Even though online shopping increased by 79% over the last year, nearly half (49%) of Australians disliked shopping online because of the lack of human connection and social aspect of shopping in-store, according to recent research from leading social marketplace, Poshmark.

Built with community at its core, Poshmark has carved out a niche in the retail space by allowing its users to enjoy the benefits of online shopping while providing a place for them to meet and connect through in-app and virtual community events.

In a recent interview with Retailbiz, Poshmark general manager for Australia, Alex Constantinides said consumers are craving more than just a transaction from their shopping experience.

“Human interaction is critical to commerce and is why we believe the future of online shopping is social. It not only makes consumers feel seen and heard, but it helps differentiate the brands we like from the brands we love,” she said.

“Since day one, we’ve set out to build a marketplace that is powered and sustained by people, so that they don’t just come to buy and sell, but come to socialise. We’re finding more consumers connecting around their passion for resale.”

Secondhand shopping has experienced significant growth since Poshmark was founded in 2011 and Constantinides believes this is set to continue as consumers prioritise the impact that their purchases have on the environment.

“The thrill of the treasure hunt — whether that be finding bargains or unique items — is one loved by many, and we’re seeing consumers becoming more motivated to not only buy less, but extend the life of items,” she said.

Despite the increasing popularity of online shopping, many consumers are seeking an experience that mimics shopping in-store, so Poshmark combines the ease, convenience and selection benefits of ecommerce, with the social connection of physical retail.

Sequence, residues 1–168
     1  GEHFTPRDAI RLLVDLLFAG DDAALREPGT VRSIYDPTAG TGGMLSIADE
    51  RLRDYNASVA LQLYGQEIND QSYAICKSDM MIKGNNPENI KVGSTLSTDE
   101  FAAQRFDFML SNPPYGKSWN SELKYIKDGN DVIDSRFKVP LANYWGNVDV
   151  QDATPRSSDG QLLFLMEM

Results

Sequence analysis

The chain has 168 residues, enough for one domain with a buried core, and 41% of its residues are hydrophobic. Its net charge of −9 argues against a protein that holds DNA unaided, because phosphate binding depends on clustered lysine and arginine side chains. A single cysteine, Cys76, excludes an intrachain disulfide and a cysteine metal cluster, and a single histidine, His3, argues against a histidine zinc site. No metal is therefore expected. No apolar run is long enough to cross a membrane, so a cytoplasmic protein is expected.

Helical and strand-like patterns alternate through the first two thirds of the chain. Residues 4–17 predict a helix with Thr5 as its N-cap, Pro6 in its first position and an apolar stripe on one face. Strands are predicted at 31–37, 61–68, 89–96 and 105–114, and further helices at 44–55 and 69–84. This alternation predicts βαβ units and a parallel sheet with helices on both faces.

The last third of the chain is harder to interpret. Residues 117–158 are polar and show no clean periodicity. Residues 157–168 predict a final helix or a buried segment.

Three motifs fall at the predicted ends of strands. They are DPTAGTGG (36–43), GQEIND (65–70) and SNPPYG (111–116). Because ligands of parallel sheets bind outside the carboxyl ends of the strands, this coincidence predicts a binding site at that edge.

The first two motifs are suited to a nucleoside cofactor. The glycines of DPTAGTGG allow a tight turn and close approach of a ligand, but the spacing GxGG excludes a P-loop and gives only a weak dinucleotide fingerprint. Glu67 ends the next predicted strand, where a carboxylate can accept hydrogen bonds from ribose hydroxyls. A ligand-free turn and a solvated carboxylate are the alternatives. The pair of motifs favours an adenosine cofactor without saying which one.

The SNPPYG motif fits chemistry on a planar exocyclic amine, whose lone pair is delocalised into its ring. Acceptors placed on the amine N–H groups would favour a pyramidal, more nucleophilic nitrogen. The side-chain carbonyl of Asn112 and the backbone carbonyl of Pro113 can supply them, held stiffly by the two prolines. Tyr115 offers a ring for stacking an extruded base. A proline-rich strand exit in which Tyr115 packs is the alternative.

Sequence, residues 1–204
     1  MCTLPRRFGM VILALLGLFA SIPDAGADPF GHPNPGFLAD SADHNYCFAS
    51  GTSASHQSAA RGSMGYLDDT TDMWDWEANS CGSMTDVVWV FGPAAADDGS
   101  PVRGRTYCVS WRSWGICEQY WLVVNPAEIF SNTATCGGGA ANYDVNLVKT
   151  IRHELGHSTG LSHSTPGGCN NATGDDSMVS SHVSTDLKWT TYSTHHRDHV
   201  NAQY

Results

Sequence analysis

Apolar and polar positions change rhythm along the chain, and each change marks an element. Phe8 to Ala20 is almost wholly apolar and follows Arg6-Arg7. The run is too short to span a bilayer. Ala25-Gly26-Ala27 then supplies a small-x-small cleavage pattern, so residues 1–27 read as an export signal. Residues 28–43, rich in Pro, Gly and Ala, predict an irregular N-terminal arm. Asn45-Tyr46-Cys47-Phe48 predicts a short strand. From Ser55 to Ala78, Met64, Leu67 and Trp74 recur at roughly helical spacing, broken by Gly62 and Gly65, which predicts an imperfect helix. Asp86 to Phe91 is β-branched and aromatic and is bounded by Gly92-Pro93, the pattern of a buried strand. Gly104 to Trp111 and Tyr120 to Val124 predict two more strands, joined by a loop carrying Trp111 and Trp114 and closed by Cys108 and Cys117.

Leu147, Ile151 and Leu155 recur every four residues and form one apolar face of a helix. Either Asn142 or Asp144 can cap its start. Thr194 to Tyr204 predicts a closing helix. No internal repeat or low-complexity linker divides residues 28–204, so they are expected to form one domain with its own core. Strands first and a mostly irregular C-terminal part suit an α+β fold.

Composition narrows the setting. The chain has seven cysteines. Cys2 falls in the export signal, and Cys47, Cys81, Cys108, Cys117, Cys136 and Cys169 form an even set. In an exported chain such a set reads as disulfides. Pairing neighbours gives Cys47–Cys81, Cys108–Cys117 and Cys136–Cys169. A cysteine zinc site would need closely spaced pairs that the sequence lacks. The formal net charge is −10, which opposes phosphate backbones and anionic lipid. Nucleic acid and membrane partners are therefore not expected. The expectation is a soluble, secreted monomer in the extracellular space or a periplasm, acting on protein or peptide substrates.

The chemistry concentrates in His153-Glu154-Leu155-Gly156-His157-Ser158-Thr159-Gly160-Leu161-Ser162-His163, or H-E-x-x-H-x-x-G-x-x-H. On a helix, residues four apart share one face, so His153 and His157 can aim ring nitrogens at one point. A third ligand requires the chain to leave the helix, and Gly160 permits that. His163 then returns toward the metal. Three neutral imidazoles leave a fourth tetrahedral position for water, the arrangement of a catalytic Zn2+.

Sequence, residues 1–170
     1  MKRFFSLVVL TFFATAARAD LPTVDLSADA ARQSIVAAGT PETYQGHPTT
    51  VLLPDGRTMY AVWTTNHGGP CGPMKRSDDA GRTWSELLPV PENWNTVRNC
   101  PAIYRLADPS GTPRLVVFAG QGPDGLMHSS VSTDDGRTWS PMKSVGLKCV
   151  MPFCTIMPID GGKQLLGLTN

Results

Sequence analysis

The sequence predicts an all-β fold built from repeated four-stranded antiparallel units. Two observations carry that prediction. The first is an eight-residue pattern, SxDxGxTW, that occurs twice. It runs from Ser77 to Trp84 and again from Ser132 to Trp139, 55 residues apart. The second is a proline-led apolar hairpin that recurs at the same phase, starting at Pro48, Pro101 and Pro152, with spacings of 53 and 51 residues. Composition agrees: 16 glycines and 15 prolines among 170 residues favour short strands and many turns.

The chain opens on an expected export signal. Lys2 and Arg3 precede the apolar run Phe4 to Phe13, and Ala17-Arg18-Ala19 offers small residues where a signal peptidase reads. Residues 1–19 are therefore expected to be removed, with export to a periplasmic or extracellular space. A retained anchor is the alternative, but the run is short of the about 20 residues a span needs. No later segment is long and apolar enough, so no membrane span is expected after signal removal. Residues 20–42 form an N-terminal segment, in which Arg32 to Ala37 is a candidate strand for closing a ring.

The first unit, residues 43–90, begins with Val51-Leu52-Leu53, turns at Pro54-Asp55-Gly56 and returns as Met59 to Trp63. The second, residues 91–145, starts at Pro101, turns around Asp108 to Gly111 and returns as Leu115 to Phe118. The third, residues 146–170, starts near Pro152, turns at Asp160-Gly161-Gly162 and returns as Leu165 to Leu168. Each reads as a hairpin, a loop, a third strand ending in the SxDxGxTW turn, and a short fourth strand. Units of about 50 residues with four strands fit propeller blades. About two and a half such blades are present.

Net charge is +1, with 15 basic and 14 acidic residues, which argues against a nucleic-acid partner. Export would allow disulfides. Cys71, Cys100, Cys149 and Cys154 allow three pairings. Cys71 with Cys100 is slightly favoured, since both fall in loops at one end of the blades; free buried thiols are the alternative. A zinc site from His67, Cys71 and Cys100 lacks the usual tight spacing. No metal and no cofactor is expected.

“This social commerce model offers a more personal and immersive experience — one that leverages human interactions to allow conversations to happen about things like fit, colour and size that just isn’t possible in other ecommerce models,” Constantinides said.

“Data and technology are the driving force behind our social marketplace. We process tens of millions of data points per day — from likes, comments and shares to listings, searches and sales — combining social and commerce data to introduce shoppers to new people, brands and personalised product recommendations.

“The beauty of Poshmark is that anyone can take part and everyone can thrive. Because of the inherent creator element that lies in this role, our community of sellers are not just sellers, they’re brands and influencers in their own right. They’re cultivating a personal aesthetic with their closet that shoppers can connect and resonate with.

“For shoppers, the ability to like and comment on that seller’s listing enables them to get personalised style advice — something one would traditionally only experience in-store. It’s a powerful, engaging and humanised shopping experience that consumers want.”